4 tips on reducing interest rate on your credit card

Published on December 1st, 2020
  Written by 
Bill Tsouvalas
Bill Tsouvalas is the managing director and a key company spokesperson at Savvy. As a personal finance expert, he often shares his insights on a range of topics, being featured on leading news outlets including News Corp publications such as the Daily Telegraph and Herald Sun, Fairfax Media publications such as the Australian Financial Review, the Seven Network and more. Bill has over 15 years of experience working in the finance industry and founded Savvy in 2010 with a vision to provide affordable and accessible finance options to all Australians. He has built Savvy from a small asset finance brokerage into a financial comparison website which now attracts close to 2 million Aussies per year and was included in the BRW’s Fast 100 in 2015 as one of the fastest-growing companies in the country. He’s passionate about helping Australians make financially savvy decisions and reviews content across the brand to ensure its accuracy. You can follow Bill on LinkedIn.
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Believe it or not, you can negotiate your way into getting a better interest rate on your credit card. An interest rate can have a huge effect on how much you will be paying on your card, and being able to reduce these numbers will make you a happier swiper. We have put together four tips on getting the best deal for you.

Cash in on the interest free period

When you take out a credit card you get an interest free period. This will be the opportune time to cash in on lowering your interest rate. Credit cost Australians $16 million in interest a day, with as much as $50.9 billion that is being owed. You could do this by paying off your debt every month. Couple this with new lifestyle changes in your budget will see you benefit in the long run. If you only use your credit card in times of need, than wants, you will reap the rewards. When purchasing wants try to use cash or a debit card. Being able to physically see all the money you have worked so hard for diminish is a quick motivator curbing unnecessary spending.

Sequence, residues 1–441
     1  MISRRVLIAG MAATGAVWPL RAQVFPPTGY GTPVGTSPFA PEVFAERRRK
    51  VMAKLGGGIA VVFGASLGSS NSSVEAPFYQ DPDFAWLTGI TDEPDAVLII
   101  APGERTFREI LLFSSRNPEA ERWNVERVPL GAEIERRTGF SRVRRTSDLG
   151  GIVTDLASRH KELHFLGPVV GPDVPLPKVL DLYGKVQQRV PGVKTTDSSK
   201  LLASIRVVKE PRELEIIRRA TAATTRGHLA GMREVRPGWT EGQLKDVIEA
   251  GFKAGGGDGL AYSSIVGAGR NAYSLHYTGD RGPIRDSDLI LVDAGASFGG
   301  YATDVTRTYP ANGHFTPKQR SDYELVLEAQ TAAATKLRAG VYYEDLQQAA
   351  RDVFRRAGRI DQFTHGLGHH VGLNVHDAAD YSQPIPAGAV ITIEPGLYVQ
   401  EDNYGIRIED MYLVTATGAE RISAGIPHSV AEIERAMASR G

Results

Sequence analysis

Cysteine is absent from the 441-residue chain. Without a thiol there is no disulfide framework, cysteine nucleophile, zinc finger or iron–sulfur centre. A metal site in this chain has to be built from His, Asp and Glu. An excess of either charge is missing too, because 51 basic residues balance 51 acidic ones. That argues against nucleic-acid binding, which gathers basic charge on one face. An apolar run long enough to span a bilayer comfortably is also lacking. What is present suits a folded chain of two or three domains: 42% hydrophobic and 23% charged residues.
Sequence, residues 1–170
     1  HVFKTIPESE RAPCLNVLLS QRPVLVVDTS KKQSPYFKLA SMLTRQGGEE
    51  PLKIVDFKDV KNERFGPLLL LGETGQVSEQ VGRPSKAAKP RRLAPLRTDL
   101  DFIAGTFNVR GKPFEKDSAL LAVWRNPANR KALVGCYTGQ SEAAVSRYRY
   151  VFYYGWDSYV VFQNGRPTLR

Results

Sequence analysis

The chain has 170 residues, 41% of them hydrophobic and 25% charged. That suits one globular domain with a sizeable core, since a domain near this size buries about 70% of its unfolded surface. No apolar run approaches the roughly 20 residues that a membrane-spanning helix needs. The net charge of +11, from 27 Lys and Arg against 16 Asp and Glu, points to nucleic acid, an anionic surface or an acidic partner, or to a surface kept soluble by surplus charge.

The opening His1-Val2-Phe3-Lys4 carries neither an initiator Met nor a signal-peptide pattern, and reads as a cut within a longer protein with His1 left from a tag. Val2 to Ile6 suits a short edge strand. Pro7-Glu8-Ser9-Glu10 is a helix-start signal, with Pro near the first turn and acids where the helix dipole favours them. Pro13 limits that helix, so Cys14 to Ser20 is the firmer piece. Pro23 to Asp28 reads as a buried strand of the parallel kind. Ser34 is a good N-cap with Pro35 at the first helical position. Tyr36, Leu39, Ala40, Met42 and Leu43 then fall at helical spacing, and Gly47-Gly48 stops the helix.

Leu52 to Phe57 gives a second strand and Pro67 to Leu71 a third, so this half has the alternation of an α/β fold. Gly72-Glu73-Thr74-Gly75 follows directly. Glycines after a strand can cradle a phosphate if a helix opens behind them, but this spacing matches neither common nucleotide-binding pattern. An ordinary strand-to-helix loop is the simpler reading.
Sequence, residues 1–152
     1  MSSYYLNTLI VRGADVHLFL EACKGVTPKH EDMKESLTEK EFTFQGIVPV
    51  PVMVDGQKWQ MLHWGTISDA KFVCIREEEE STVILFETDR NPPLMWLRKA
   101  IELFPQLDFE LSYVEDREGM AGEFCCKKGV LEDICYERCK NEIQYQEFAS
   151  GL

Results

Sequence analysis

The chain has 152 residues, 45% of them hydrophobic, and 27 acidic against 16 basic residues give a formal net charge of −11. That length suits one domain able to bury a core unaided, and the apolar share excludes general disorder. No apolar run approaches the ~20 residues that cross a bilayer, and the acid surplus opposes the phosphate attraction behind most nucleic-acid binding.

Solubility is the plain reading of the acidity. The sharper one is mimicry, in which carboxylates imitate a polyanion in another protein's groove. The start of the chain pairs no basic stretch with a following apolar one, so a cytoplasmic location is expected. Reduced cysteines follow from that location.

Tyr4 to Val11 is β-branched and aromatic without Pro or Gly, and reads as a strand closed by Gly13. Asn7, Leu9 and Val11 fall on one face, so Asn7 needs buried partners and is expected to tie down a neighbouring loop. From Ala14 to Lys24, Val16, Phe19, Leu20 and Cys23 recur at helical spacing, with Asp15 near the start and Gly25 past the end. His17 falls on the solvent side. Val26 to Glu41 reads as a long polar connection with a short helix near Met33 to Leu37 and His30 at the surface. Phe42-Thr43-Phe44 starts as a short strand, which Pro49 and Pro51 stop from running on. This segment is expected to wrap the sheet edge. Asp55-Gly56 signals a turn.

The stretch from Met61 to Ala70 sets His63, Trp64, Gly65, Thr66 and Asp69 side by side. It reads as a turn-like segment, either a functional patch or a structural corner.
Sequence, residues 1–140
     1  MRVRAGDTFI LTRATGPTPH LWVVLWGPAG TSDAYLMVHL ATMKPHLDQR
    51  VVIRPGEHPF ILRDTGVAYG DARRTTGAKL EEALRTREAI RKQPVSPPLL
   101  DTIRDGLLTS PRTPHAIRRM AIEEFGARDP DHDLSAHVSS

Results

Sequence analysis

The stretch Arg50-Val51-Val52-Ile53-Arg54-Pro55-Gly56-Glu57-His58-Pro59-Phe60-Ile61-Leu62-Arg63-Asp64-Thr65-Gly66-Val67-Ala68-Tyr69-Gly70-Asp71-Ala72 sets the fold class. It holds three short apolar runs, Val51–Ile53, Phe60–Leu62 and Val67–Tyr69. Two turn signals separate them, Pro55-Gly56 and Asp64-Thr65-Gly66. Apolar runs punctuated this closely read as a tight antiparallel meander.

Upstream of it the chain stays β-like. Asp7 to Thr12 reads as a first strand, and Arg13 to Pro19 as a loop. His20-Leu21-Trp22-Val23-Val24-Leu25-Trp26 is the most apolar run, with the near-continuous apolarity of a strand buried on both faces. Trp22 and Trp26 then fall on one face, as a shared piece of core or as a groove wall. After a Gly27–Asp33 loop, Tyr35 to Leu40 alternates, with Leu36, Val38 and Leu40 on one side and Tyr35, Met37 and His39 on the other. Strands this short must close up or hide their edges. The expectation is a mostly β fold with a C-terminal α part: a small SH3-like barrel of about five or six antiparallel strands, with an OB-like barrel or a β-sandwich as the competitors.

Don’t compromise, but compare

Sometimes we are pushed in financial situations that require immediate action. This could make you a bulging eye shopper who is looking for their next credit card pronto. This is a bad move. Even if the pressure is on, it’s advisable to speak to a lender and then compare. If your current lender is not giving you a competitive rate after you have asked them too, then you can threaten to leave. There are plenty of other institutions who want to sign up new customers with good interest rates. There are plenty of financial providers that offer top of the range comparisons, so you don’t have to worry. They compare the best deals for you in terms of interest rate and what is suitable to your budget. Want to get the best deal on your credit card? Contact an accredited financial lender today.

Learn the art of negotiating

According to a survey from Credit Cards.com, 78% of people who asked to have their interest rates reduced succeeded. A shocker is that only 1 in 5 attempted to ask. When it comes to your money there is no need to feel intimidated on how you protect and grow it. The basics of negotiating the best interest rate won’t need you to be a charismatic speaker who will have your lender eating out of the palm of your hand. Ok maybe this skill would help, but it will be pointless if you don’t have it backed up by research and reasons why it should be reduced. Be persistent and for the love of mini bagels don’t be rude.

It truly boils down to budget

You could get the best interest rate on your credit card, but if you are not good at managing your day to day finances it will be meaningless. Don’t underestimate the power of budgeting when it comes to saving. You will be shocked at just how much money you were throwing away with little purchases. You can start off by creating a list of what you consider to be needs and wants. Go through your bank statement and look at the purchases you could do without for the following month. One of the major expenses is food. Look at what you can cut out.

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This guide provides general information and does not consider your individual needs, finances or objectives. We do not make any recommendation or suggestion about which product is best for you based on your specific situation and we do not compare all companies in the market, or all products offered by all companies. It’s always important to consider whether professional financial, legal or taxation advice is appropriate for you before choosing or purchasing a financial product.

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